"I spent about a month on-site in Turkey as part of G-Lab, helping our host company, improve their award structure."
System Design and Management
Jointly offered by MIT's School of Engineering and the MIT Sloan School of Management, the System Design and Management (SDM) master’s program in engineering and management educates mid-career professionals to lead effectively and creatively by using systems thinking to solve large-scale, complex challenges in product design, development, and innovation.
Global Mind-Set, Global Markets
SDM provides a global mind-set; a systems thinking perspective that integrates management, technology, and social sciences; and ways to lead across organizational and cultural boundaries to address rapidly accelerating complexity and change in today’s global markets.
Leadership Development for Positive Change
The curriculum of MIT’s System Design and Management program encompasses leadership development and critical, creative, and integrative thinking, as well as an appreciation of diversity and an understanding of how to foster positive change within organizations, society at large, and — most important — within oneself.
"After we gave our recommendations, the great part was that the very next day the CEO was in the boardroom implementing them with his top vice presidents."
“Because of the diversity of our backgrounds, when we hit the ground in Tanzania it almost was a natural play where different people assume different roles.”
“The conditions in the neighborhoods we were visiting were different than what we realized before getting there. Beyond that, what was surprising was that there weren’t surprises!”
“I knew about American business, but not enough about what’s really become a global economy. … You can read about it all you want, but there’s no substitute for being there and seeing the context and seeing how completely different these [other countries] are.”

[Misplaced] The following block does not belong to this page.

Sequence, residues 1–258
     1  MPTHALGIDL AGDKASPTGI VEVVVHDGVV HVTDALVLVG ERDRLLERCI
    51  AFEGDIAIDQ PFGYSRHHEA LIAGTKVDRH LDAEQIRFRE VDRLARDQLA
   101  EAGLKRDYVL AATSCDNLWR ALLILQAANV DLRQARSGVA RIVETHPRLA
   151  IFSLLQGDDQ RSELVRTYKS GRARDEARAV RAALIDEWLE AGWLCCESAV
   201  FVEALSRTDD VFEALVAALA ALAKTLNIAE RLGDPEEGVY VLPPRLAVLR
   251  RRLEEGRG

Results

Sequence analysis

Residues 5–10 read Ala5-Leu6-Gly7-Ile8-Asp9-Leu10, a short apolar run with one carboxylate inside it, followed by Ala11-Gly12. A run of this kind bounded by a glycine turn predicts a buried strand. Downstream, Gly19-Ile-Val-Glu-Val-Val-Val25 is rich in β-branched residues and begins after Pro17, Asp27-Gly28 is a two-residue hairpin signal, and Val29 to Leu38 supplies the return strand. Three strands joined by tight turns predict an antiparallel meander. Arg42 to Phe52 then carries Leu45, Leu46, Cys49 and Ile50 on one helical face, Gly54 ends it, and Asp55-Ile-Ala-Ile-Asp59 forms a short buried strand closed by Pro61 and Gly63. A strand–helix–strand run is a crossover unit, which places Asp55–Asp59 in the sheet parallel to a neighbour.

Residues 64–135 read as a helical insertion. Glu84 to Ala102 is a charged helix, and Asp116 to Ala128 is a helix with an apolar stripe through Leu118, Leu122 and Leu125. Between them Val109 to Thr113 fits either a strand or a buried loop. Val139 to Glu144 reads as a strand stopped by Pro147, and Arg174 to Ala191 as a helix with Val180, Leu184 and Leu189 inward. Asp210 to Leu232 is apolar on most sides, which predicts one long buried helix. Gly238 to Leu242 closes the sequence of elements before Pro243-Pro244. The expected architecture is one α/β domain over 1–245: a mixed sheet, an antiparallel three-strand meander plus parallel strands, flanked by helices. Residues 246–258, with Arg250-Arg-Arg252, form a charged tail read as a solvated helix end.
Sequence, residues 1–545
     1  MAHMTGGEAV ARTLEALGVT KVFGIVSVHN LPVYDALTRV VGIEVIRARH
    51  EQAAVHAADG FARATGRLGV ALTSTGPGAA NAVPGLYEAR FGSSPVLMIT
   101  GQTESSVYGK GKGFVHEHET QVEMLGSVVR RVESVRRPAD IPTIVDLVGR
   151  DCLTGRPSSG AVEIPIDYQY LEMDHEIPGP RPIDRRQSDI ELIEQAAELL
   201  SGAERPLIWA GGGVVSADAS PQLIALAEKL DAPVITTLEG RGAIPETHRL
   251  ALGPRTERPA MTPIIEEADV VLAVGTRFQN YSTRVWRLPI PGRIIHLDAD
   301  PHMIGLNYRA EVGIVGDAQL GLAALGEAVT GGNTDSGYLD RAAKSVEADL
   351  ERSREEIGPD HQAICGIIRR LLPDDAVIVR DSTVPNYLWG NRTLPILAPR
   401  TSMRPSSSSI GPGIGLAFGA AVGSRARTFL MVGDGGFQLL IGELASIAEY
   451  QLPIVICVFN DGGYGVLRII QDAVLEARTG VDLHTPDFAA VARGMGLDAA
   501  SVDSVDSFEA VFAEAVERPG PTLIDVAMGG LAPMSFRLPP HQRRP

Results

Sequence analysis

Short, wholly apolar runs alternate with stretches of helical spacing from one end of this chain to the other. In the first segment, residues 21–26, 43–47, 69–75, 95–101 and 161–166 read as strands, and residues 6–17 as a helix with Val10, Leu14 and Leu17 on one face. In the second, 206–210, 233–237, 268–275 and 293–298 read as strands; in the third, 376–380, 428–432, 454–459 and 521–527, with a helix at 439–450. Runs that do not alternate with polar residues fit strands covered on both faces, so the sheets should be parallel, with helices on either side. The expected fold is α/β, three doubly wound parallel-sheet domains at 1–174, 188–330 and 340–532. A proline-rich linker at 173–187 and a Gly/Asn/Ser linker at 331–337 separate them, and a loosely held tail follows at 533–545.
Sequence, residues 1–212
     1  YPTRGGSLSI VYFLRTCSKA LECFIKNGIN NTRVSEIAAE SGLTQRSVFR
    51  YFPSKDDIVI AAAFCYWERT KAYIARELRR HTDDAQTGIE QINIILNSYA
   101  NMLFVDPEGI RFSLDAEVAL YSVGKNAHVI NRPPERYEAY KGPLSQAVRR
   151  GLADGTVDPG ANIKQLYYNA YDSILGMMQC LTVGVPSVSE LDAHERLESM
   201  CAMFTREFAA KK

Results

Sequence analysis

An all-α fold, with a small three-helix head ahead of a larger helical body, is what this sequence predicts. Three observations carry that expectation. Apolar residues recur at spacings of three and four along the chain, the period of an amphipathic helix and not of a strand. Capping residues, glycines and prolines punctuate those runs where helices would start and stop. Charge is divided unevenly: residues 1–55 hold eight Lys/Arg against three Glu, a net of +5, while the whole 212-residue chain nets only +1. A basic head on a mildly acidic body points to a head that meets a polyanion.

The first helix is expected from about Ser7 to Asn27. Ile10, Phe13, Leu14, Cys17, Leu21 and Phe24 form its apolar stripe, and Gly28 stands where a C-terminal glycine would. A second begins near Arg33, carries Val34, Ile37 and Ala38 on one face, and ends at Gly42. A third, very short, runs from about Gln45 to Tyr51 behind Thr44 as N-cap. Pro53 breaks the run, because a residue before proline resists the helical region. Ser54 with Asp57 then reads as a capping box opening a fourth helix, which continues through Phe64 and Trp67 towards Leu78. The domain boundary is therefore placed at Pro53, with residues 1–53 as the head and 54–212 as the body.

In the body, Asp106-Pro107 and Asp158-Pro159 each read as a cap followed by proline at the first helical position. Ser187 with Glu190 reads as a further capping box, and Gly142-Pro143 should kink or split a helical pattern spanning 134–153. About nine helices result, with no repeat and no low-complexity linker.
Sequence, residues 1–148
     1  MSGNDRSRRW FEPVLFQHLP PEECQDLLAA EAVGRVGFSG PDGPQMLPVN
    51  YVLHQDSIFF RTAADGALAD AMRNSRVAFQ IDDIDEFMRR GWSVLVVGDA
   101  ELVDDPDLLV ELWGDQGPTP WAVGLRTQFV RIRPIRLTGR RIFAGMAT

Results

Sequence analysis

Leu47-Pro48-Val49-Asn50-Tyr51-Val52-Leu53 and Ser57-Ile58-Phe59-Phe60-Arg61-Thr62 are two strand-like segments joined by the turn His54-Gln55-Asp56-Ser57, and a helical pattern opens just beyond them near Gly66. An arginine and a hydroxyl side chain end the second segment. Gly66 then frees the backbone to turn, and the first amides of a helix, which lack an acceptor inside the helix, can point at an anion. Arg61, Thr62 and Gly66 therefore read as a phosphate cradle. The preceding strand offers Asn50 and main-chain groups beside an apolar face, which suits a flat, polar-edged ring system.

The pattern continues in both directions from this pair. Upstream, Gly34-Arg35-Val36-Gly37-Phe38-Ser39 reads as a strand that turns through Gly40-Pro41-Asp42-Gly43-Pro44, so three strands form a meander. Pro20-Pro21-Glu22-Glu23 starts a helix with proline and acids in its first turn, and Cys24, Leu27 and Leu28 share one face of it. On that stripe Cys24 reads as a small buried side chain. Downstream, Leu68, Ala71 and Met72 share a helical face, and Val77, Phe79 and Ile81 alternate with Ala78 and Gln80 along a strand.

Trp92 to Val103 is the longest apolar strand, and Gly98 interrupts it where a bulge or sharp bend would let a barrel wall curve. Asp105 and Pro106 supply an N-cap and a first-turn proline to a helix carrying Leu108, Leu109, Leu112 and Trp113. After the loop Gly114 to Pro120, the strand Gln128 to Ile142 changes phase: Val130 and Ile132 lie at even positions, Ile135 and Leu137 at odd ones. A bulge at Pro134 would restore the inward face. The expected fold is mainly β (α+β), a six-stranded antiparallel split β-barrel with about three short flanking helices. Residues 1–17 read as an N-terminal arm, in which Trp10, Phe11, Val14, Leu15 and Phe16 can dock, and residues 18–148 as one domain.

“The concept behind enterprise architecture is that you have all these machines, you have all these business processes, you have all these people doing things, how do you make sure they all come together and achieve business objectives that make you more competitive.”
“[The India Lab] program is one of the reasons I came to Sloan. ... The hands-on learning that MIT offers was a huge differentiator.”
“One of the reasons I came to Sloan was because I wanted to be at a top MBA institution worldwide. But I also wanted access to working with the latest innovations and the highest technology that was coming out of the MIT labs.”
“It was really rewarding that they wanted to know what we thought. We left there being fairly certain that they will do some of the things that we suggested.”
“At MIT Sloan you have a lot of opportunities to explore entrepreneurship. Especially in a place like Kampala where you have a lot of development, entrepreneurship can be very exciting.”
“I can honestly say that when I was planning on coming to business school I never thought that witnessing the birth of a child would be included in the education. It was definitely an experience.”
“You could talk about watershed management and conservation of energy all you want. But until you put numbers to it and financial analysis to it, you’re not going to get much done. I came to business school to speak that language, speak with people in terms of numbers, financial numbers so that I can get projects done.”
“I love being in a place that is such a nexus of people and ideas — people coming to learn something new and to define themselves. Being a part of that process is a real honor and a real gift.”
“We are very much an action-learning environment. The way to learn leadership is not only through reading cases, not only through learning theory — in fact we don’t want people to regurgitate the theory. We want people to take theory and to live it, use it.”
“We’re very interdisciplinary. Among the faculty in the group are an economist, a political scientist, a sociologist, and an industrial relations specialist. We’ve always made a big effort to be open to a variety of perspectives, but also to go beyond being open to them, to want to bring them in, because it makes for a richer environment.”
“By training tomorrow’s leaders to manage the risks of the financial system effectively and ethically, we’ll have a fighting chance of surviving even the largest crises.”